Ninebot is backed by Xiaomi and Sequoia
Gao Lufeng, CEO of Ninebot, said during a press conference in Beijing that Ninebot bought its US rival Segway for an undisclosed sum. Gao also said that Ninebot has scored $80 million in funding from Xiaomi, Sequoia Capital, Shunwei Capital and Huashan Capital.
On September 2014, Rod Kelle and Dean Kamen, respectively president and founder of Segway, claimed in a legal complaint that Ninebot and other Chinese companies WindeRunner and FreeGo infringed on Segway’s patent rights. This time, however, Mr. Kelle welcomed the deal. In a press statement he commented, “The strategic alliance with Ninebot will enable us to provide more intelligent and valuable products for our customers. We are fully confident about our future.”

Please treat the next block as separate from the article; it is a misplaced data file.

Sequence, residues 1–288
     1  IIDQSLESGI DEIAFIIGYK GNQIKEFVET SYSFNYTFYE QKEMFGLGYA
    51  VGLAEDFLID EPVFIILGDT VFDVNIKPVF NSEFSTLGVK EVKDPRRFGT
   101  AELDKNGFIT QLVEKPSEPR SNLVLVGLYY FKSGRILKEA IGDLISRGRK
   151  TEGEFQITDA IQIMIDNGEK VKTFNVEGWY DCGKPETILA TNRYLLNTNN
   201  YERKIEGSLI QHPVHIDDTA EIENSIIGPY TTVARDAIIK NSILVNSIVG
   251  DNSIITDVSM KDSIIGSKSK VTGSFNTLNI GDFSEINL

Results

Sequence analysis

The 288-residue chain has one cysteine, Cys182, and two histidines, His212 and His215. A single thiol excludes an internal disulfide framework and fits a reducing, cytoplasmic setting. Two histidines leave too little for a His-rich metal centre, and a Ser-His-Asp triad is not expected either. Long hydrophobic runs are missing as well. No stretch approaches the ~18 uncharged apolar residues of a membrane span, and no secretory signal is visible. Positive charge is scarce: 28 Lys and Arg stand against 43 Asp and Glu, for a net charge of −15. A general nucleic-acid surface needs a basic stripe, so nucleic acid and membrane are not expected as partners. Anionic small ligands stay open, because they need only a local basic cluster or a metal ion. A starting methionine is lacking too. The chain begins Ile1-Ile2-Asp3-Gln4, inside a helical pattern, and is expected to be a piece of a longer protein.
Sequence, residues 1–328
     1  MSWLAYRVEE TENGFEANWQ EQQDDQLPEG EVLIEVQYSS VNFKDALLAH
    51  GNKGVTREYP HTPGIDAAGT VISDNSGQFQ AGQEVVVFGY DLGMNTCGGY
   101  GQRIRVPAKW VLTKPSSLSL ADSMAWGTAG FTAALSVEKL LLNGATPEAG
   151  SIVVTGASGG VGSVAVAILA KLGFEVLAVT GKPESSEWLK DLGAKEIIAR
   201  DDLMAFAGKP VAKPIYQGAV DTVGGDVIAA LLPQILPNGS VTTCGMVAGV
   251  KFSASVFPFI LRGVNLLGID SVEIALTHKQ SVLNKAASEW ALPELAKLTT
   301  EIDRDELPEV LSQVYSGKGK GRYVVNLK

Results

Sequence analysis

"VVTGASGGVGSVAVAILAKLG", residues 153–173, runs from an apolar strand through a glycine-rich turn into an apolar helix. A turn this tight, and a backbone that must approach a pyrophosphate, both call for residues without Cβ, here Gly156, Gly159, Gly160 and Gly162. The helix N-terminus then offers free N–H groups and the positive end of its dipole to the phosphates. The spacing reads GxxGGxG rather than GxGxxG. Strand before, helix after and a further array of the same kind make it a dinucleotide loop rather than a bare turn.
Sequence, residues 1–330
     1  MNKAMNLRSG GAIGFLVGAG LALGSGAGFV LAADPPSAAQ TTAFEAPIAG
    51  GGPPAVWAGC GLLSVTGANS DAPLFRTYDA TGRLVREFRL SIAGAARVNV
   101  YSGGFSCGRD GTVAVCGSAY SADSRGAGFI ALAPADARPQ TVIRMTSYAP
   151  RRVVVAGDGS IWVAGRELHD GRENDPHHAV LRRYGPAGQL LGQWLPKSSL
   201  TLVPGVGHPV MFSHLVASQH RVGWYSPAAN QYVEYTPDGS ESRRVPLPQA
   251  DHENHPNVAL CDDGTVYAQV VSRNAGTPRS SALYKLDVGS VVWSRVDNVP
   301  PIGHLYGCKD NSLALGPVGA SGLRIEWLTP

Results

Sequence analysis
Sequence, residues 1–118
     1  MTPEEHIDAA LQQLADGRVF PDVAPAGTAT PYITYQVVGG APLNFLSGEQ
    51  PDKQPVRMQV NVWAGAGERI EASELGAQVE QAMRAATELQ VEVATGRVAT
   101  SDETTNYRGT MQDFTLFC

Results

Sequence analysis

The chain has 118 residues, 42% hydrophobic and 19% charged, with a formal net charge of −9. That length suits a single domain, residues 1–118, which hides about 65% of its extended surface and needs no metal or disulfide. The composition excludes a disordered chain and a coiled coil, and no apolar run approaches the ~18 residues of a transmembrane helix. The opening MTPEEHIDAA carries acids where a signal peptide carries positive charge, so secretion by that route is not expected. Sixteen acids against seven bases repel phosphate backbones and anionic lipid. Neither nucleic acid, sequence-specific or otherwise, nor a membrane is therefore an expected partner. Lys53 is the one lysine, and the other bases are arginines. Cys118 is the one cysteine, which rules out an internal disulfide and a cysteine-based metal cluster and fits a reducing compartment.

When Segway launched its two-wheel personal transportation vehicle in 2002 it grabbed headlines and was expected to hit $1 billion sales faster than any company in history. However, its price was too high to draw a mass consumer base. Required licensing in some countries in which the Segway was classified as road vehicle was also prohibitive to its success, as was its being deemed illegal in other nations. Such a combination of limited consumer accessibility and lack of unified international acceptance may have certainly contributed to Segway’s ranking as one of the ten biggest tech failures between 2000-2010, according to Time magazine.